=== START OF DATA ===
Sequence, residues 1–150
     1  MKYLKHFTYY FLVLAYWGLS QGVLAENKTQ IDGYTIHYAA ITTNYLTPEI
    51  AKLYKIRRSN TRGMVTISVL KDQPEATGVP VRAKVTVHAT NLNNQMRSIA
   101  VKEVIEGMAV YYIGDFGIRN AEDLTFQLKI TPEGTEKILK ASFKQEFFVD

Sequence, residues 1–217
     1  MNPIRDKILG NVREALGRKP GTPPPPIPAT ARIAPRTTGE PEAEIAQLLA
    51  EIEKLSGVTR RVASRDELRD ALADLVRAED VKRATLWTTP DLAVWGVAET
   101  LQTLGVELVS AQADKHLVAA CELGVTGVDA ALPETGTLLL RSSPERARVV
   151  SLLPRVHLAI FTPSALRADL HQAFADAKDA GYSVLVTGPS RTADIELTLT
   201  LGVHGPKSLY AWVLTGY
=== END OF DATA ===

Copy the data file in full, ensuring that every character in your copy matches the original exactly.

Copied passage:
Sequence, residues 1–150
     1  MKYLKHFTYY FLVLAYWGLS QGVLAENKTQ IDGYTIHYAA ITTNYLTPEI
    51  AKLYKIRRSN TRGMVTISVL KDQPEATGVP VRAKVTVHAT NLNNQMRSIA
   101  VKEVIEGMAV YYIGDFGIRN AEDLTFQLKI TPEGTEKILK ASFKQEFFVD

Sequence, residues 1–217
     1  MNPIRDKILG NVREALGRKP GTPPPPIPAT ARIAPRTTGE PEAEIAQLLA
    51  EIEKLSGVTR RVASRDELRD ALADLVRAED VKRATLWTTP DLAVWGVAET
   101  LQTLGVELVS AQADKHLVAA CELGVTGVDA ALPETGTLLL RSSPERARVV
   151  SLLPRVHLAI FTPSALRADL HQAFADAKDA GYSVLVTGPS RTADIELTLT
   201  LGVHGPKSLY AWVLTGY